This story was originally published and last updated .
After weeks of sales, Cyber Monday is finally here, and there are deals aplenty: phones, tablets, smart speakers, and more are up to hundreds of dollars off. In the interest of saving you some time, we've compiled all the best bargains you can get right here in this handy list.
LG is a company whose smartphone products have gone from bottom of the barrel to highly competitive in under four years. Once the butt of bad phone jokes in the early days of Android, the company has lifted itself up into prominence in particular with the G Series, the originator of that lineage being the Optimus G.
The original G was a model for the Nexus 4 - the glass front and back blended a fairly bold design with modern and high-end components. LG's software really wasn't quite there yet, but they quickly stepped up their game with the G2 in the following year, and in the eyes of many fans perfected that formula in the G3.
The Nexus 6 was a break from the past for the Nexus program with its high price tag and massive size, but it was probably an emergency replacement after the collapse of Android Silver. We've been wondering if Google would recommit to the Nexus program, and it's sounding like yes—in a big way. We've gotten some details on two alleged Nexus phones for 2015, but there are currently no plans for a tablet.
Samsung must have known it had a problem early in the Galaxy S5's run when most of the reviews called the phone "boring" or "predictable," while also conceding that it was a good device. A good, predictable phone isn't going to sell like gangbusters, and indeed, the Galaxy S5 fell short of expectations. Over the next few months, we saw devices like the Galaxy Alpha and Galaxy Note 4 that played around with more premium materials and different designs, but the Galaxy S6 is the culmination of Samsung's plans to rehab its reputation.
The Galaxy S6 is still distinctly Samsung with the oblong home button, big camera sensor, and industry-leading AMOLED panel, but it almost feels like it was made by a version of Samsung from some bizarre parallel reality where plastic doesn't exist.
I still remember when we used to bicker over iPhone vs Symbian, before Android took over the second part of that argument. I also remember when Xenon vs LED flash was the most controversial discussion in the smartphone world for several years - some of you may have been toddlers when that started. And I remember when apps weren't a thing, when 3G was the hottest novelty, when we thanked our lucky stars because companies stopped using massive proprietary charging and earphone ports, and when a smartphone with a 2.8" display (Nokia N95 8GB) counted as monstrous. Nowadays, we feel cheated when the second back lens in a phone doesn't bring a lot of improvement, or when the display's color shifts at an angle as if everyone is side-glancing at their phones all the time, when a device has a MicroUSB port and not USB-C, or when it takes a fraction of a millisecond longer for a swipe to register.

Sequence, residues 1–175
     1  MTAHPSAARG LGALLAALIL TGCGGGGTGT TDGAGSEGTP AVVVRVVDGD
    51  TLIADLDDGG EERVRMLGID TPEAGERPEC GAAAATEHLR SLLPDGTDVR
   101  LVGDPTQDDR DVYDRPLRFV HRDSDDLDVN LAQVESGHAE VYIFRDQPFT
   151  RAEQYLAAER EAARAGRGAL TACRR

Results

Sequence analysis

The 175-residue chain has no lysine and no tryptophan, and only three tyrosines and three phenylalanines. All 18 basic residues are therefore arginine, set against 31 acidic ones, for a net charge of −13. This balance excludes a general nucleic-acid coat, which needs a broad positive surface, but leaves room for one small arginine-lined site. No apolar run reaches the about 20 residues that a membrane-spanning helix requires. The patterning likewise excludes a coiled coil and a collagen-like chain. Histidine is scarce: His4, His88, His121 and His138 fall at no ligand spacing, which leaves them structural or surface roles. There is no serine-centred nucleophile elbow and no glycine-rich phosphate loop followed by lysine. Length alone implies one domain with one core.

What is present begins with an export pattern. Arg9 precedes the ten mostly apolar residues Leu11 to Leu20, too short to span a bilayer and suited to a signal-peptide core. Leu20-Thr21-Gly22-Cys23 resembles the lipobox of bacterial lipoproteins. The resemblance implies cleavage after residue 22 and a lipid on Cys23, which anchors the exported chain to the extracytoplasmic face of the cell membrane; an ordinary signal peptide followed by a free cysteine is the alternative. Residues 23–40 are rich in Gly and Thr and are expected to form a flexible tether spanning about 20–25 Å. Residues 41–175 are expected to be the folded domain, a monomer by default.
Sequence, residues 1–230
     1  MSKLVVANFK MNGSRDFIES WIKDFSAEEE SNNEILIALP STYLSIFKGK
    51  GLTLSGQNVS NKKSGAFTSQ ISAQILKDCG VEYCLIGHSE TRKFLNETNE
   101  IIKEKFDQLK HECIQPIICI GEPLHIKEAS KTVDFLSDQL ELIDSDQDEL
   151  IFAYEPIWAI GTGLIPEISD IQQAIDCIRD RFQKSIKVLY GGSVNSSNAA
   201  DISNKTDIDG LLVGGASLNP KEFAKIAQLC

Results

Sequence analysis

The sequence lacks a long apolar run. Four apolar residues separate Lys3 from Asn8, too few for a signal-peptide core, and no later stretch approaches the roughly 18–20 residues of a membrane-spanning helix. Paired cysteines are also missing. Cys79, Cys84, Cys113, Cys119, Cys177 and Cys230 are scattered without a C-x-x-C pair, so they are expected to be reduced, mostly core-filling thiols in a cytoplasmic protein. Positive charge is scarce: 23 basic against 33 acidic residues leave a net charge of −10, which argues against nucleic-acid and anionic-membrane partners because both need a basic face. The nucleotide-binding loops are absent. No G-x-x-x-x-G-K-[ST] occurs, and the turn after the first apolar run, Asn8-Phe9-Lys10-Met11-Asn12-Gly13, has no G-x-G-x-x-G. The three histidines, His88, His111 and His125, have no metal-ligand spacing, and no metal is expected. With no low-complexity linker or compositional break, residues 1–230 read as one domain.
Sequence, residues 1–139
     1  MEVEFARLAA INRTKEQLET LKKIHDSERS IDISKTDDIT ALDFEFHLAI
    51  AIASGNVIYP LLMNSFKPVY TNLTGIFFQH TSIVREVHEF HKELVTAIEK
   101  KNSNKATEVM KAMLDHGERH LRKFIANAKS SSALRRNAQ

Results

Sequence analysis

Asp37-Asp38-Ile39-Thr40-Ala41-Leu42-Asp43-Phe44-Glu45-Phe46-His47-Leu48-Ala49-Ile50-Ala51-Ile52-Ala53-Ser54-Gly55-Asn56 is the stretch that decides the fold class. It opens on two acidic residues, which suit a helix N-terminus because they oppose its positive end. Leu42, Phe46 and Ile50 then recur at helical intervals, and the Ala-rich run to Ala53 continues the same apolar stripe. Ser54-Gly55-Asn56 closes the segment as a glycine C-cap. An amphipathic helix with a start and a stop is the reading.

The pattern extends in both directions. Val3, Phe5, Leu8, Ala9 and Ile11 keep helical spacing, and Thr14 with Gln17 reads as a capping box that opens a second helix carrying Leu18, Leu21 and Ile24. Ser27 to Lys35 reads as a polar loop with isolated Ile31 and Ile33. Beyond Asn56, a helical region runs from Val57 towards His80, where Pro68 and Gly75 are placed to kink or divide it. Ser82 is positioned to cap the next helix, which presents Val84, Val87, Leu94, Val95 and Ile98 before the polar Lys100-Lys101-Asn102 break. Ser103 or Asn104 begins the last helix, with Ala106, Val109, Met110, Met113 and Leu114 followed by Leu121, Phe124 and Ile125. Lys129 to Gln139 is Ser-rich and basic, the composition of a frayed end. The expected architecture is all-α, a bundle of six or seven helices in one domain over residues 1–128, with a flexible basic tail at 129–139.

So, as many of us in the tinkering mindset will likely agree, flexibility in any product is generally a good thing. Case in point: many Android smartphones over the years have shipped with removable batteries and microSD card slots. Battery runs down in half a day after a year? Swap it. Need to store 20GB of music and TV shows for a long flight (or live somewhere mobile streaming isn't a real option)? SD card to the rescue!
And in some places and situations for some people, removing those options really can be a major bummer. But when the Galaxy S6 was announced devoid of a microSD slot or user-replaceable battery, it seemed Samsung was finally waving goodbye to a large group of power users, emerging market customers, and people who just want this stuff in a sort of flippant way.
An updated version of this guide is available here.
It's that time of year again. Knowing our audience, chances are that you're looking for some sort of gadget to purchase for yourself or someone else. Whether the smartphone being replaced is too old, too bootloopy, or just doesn't have all the features you want, we've got you covered with our choices for the best smartphones you can buy.
The sheer number of smartphones on the market today makes narrowing the choices down difficult. So many factors - battery life, cameras, displays, software, water resistance, and more - come into play, but our goal is to find the best all-rounders out there.
Okay, not everything was unveiled. One piece of information we were waiting to see confirmed was the processor. Rather than adopt the Snapdragon 810, LG has opted for the 808. It and Qualcomm boast that with this processor the device is able to get more than a full day of battery life.
The Nexus 5 was a big hit; an unqualified success for Google. People loved that phone, and many of them are still using one. Now, there's finally a true successor to the Nexus 5 in the LG-built Nexus 5X. Hopes were understandably high for this phone, and the handful of missing features led some Nexus 5 owners to planning how they'd keep their 2013-era phones running for another year. Specs don't tell you the whole story, though. The Nexus 5X doesn't have the most RAM or highest resolution screen, but it still deserves your attention because it offers a wonderful experience for not a lot of money.
Well, it's official - Verizon is the only carrier in the United States that will be carrying the Pixel phones. If the rumors from two months ago didn't convince you, the leak from late last night surely did. Verizon will also give free Daydream View VR headsets to Pixel buyers.